Eclectic Curiosity

Watching TV Makes You Smarter


Posted on April 25th, 2005, by Steve Hardy in Archives, Uncategorized. No Comments

According to Steven Johnson, author of “Mind Wide Open” and “Everything Bad Is Good for You”, watching TV makes you smarter. And he makes a great case for it too in a recent NYT Magazine feature that contrasts the TV dramas and sitcoms of the 70s and 80s with the ones we are watching now. It’s an insightful read. Johnson’s argument revolves around a thing he calls the Sleeper Curve, which is effectively the growing cognitive sophistication of TV viewers due to the increasing complexity of TV show plotlines. This growing complexity involves three primary elements: multiple threading (more characters), flashing arrows (more ambiguities), and social networks (more intricate character dynamics).

Put those charts together, and you have a portrait of the Sleeper Curve rising over the past 30 years of popular television. In a sense, this is as much a map of cognitive changes in the popular mind as it is a map of on-screen developments, as if the media titans decided to condition our brains to follow ever-larger numbers of simultaneous threads. Before “Hill Street,” the conventional wisdom among television execs was that audiences wouldn’t be comfortable following more than three plots in a single episode, and indeed, the “Hill Street” pilot, which was shown in January 1981, brought complaints from viewers that the show was too complicated. Fast-forward two decades, and shows like “The Sopranos” engage their audiences with narratives that make “Hill Street” look like “Three’s Company.” Audiences happily embrace that complexity because they’ve been trained by two decades of multi-threaded dramas. …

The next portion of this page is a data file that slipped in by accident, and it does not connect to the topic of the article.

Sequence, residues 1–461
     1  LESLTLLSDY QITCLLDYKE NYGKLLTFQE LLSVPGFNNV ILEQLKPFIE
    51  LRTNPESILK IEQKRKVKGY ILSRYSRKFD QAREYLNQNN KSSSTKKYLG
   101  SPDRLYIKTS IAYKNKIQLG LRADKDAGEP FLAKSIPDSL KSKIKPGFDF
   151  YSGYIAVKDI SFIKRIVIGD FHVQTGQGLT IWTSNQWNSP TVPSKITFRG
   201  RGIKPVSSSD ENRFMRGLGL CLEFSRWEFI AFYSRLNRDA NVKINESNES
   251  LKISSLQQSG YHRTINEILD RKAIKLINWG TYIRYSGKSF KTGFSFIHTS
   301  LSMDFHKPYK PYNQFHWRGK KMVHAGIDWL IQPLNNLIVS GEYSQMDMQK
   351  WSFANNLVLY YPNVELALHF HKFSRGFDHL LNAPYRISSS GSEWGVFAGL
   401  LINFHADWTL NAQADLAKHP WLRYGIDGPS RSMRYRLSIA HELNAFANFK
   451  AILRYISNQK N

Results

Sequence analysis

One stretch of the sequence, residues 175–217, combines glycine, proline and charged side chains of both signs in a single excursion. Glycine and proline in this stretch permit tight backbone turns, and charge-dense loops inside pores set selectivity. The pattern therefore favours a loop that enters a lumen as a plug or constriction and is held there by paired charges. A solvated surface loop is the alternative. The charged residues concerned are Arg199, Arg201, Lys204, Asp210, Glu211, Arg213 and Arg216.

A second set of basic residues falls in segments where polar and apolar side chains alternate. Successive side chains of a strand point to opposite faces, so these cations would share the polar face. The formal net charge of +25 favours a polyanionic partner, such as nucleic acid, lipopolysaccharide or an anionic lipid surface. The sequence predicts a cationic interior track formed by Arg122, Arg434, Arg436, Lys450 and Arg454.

Of course, the entertainment industry isn’t increasing the cognitive complexity of its products for charitable reasons. The Sleeper Curve exists because there’s money to be made by making culture smarter. The economics of television syndication and DVD sales mean that there’s a tremendous financial pressure to make programs that can be watched multiple times, revealing new nuances and shadings on the third viewing. Meanwhile, the Web has created a forum for annotation and commentary that allows more complicated shows to prosper, thanks to the fan sites where each episode of shows like “Lost” or “Alias” is dissected with an intensity usually reserved for Talmud scholars. Finally, interactive games have trained a new generation of media consumers to probe complex environments and to think on their feet, and that gamer audience has now come to expect the same challenges from their television shows. In the end, the Sleeper Curve tells us something about the human mind. It may be drawn toward the sensational where content is concerned — sex does sell, after all. But the mind also likes to be challenged; there’s real pleasure to be found in solving puzzles, detecting patterns or unpacking a complex narrative system.





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